Breast cancer treatment may be less likely for people who periodically diet, a new study has found.
Scientists discovered that mice with intermittent calorie restriction experienced nine per cent incidence of cancer tumour, whereas those with a chronically restricted calorie intake experienced 25 per cent cancer growth.
Those mice that were able to eat as much as they wished experienced 71 per cent mammary tumour, the report, which is published in Cancer Prevention Research, found.
Dr Margot Cleary, professor at the Hormel Institute, University of Minnesota, commented: "Understanding how calorie restriction provides protection against the development of mammary tumors should help us identify pathways that could be targeted for chemoprevention studies.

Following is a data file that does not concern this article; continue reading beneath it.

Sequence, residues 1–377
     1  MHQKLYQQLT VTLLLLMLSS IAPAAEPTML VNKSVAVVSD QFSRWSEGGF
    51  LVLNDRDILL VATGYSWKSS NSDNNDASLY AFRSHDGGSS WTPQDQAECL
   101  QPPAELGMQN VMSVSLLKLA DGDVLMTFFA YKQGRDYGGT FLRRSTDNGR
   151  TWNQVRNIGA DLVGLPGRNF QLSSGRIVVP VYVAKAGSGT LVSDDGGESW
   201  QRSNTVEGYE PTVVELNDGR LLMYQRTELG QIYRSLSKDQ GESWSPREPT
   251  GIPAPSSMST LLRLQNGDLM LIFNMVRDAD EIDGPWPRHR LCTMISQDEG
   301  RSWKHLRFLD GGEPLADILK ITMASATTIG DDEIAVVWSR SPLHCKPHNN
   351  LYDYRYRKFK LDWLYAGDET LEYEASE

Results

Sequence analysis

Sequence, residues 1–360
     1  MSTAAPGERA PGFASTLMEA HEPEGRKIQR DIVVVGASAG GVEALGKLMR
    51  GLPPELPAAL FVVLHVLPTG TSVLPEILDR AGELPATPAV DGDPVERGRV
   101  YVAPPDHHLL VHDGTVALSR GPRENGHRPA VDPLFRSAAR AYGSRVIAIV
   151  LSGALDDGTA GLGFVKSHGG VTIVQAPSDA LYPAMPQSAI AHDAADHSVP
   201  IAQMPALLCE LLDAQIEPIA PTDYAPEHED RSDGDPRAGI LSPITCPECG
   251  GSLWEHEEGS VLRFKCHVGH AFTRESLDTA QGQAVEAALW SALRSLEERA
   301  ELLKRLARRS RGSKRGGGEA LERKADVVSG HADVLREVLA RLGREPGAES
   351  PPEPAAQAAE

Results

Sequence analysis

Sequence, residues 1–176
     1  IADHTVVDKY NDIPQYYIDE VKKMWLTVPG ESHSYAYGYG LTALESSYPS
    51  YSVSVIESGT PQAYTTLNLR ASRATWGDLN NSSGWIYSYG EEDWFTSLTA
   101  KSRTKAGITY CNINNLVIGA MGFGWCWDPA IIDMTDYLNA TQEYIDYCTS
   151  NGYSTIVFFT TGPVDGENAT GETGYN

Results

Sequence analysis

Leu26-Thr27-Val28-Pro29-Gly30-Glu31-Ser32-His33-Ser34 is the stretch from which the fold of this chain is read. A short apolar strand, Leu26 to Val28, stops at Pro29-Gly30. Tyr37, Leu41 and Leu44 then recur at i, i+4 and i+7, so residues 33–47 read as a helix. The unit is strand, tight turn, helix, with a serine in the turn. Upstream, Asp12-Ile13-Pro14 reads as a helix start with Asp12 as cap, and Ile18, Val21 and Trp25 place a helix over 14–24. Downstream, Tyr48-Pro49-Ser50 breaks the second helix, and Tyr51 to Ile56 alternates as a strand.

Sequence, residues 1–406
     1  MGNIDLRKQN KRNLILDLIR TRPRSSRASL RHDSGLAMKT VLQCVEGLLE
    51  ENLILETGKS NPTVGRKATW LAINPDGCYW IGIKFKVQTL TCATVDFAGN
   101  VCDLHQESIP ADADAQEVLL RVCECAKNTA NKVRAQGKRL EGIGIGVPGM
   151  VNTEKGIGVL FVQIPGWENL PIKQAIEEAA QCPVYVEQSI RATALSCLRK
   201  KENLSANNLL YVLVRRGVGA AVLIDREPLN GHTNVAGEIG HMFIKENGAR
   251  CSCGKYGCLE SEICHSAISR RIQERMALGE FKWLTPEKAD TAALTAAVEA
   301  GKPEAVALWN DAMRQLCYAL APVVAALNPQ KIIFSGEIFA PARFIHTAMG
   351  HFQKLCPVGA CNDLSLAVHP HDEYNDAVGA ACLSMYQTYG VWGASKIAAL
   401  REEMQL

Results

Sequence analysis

"Further identification of serum factors that are involved in tumor development would possibly provide a way to identify at risk individuals and target interventions to these people."
In other news, Walter and Eliza Hall Institute researchers have identified a set of breast cells considered to be the linked to the occurence of breast cancer in women with the BRCA1 gene mutation.